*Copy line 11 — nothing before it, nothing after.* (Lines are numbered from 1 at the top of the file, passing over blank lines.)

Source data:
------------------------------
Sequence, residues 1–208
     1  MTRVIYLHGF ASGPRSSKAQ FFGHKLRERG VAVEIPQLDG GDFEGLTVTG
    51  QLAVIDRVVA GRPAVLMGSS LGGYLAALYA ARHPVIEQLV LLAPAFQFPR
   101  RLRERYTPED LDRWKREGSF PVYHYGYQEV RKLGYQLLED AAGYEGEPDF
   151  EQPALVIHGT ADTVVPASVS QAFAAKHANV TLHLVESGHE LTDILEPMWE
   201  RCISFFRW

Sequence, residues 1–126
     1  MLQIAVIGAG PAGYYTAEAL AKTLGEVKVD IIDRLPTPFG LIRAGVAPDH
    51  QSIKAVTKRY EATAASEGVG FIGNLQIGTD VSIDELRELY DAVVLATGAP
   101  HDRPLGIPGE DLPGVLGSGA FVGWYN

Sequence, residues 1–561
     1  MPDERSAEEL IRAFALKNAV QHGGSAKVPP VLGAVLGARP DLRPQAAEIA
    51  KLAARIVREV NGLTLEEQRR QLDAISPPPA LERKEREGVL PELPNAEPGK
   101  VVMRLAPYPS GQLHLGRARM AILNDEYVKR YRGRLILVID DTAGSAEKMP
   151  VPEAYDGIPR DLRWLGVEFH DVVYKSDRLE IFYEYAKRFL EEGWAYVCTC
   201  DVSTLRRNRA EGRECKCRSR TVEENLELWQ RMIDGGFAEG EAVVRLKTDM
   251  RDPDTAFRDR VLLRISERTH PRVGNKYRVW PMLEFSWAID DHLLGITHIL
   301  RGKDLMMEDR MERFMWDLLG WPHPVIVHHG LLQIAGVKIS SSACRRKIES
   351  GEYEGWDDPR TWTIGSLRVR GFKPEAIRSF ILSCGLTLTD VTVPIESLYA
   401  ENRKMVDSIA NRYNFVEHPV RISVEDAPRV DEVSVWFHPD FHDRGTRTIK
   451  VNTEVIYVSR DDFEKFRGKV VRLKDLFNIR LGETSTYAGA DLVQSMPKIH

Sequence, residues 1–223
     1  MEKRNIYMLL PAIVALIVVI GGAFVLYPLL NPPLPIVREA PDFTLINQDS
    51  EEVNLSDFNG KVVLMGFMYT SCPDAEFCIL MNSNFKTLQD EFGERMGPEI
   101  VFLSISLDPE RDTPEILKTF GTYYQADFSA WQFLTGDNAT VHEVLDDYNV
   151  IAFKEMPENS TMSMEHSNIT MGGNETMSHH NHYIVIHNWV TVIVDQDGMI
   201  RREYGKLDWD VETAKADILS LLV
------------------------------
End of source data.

Sequence, residues 1–561